Um, no. Especially with terrible records from Black Sabbath and AC/DC (the albums don't even deserve mention) that year and it being just the beginning for Slayer and Metallica. Most metal heads will point to 1986 and, with this list of classics and strong efforts, who can argue:
Metallica - Master Of Puppets
Slayer - Reign In Blood
Megadeth - Peace Sells...But Who's Buying?
Iron Maiden - Somewhere In Time
Ozzy Osbourne - The Ultimate Sin
Samhain - November-Coming-Fire
Europe - The Final Countdown (!?!)

While that is a landmark year for metal, I contend that 1988 was actually better in terms of album quality and quanitity. Metallica came back with their commercial breakthrough (and arguably better album, though I don't believe so). Slayer returned with another thrash lesson, while Megadeth and Iron Maiden had better efforts than their '86 albums. Ministry is a bit of a stretch since all of their previous efforts were techno.

Metallica - ...And Justice For All
Iron Maiden - Seventh Son Of A Seventh Son
Megadeth - So Far, So Good, So What
Ministry - The Land Of Rape And Honey
Slayer - South Of Heaven
Ozzy Osbourne - No Rest For The Wicked
Anthrax - State Of Euphoria

So, while I do believe that Master Of Puppets is the finest masterpiece of any on all these lists, I think the output of 1988 is more impressive. Any submissions, comments, votes?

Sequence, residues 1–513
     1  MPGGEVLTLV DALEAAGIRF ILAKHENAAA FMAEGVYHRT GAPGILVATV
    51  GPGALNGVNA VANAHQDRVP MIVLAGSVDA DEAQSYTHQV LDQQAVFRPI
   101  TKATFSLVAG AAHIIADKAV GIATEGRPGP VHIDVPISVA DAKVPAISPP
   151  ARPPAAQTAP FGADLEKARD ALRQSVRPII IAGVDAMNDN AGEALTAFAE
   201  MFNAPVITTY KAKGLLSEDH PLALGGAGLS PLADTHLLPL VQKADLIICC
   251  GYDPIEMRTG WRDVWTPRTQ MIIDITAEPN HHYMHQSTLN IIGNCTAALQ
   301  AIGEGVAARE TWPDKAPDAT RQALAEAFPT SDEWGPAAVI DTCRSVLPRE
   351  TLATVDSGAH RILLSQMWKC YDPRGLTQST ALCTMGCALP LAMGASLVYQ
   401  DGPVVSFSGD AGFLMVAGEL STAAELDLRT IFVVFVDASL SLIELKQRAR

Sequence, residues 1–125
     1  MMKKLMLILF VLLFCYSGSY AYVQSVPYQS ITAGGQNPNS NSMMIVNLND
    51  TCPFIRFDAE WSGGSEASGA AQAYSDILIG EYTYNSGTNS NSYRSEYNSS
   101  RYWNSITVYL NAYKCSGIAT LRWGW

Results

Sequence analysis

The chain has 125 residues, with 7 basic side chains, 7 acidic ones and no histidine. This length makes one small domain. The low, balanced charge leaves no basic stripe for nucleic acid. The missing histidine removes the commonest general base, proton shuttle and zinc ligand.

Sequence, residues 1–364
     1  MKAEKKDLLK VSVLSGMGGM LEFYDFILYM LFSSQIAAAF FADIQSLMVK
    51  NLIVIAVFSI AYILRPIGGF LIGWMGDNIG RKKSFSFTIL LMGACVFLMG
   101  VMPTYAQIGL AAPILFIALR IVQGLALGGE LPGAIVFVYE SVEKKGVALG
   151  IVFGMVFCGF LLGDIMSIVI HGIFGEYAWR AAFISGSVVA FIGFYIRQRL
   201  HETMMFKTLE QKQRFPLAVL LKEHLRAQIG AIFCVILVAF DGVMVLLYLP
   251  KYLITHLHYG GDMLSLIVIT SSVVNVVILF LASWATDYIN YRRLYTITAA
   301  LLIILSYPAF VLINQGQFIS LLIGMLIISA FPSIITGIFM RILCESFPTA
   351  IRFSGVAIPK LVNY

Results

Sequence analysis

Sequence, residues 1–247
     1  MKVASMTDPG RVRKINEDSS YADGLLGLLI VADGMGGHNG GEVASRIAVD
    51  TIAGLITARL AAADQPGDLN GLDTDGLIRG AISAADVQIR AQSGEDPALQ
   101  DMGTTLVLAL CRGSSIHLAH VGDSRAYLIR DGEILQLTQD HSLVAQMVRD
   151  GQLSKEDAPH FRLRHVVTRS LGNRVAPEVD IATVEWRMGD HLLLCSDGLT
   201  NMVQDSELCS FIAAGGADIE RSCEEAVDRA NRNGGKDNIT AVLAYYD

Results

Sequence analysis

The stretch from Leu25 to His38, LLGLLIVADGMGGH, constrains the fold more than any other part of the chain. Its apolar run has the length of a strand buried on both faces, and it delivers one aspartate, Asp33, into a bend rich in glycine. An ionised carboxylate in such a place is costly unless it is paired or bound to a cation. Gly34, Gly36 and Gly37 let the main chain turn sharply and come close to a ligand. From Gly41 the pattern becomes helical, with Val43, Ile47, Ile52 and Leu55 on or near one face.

Friday, December 18, 2009

In The Spirit Of The Holidays...

I felt that taking shots at low-fidels was kind of jerky. As a result, I converted this very limited edition vinyl of the You Weren't There: A History Of Chicago Punk 1977-1984 to MP3 and posted it here for your listening pleasure. Personally, I recommend the tracks by Strike Under and Trial By Fire. Some of the tracks are of questionable quality but, I assure, you that is because of the source material. Almost none of these songs were done in proper studios but is an important historical recording nonetheless. Hopefully, these songs will make you want to see the very well-done documentary of the same name. There are plenty of Steve Albini gems in there. And yes, that is J. Yuenger from White Zombie in Rights Of The Accused. That was his first band. Enjoy.

  1. "Wham Bam Son Of Sam," Tutu & The Pirates
  2. "Gacy's Place," Mentally Ill
  3. "Who Are The Boys?," Buzzards
  4. "Surf Combat," The Way-Outs
  5. "Reactor," Painterband
  6. "Elephant's Graveyard," Strike Under
  7. "Dark Rooms," Da
  8. "Eyesore," Subverts
  9. "Spy Guy," Toothpaste
  10. "They Love War," End Result
  11. "Tojo [Demo]," Naked Raygun
  12. "Rocks Of Sweden," Trial By Fire
  13. "I Got Mine," Articles Of Faith
  14. "Anti-Pac Man," Negative Element
  15. "Slump Shot," Verboten
  16. "Fuckup," Rights Of The Accused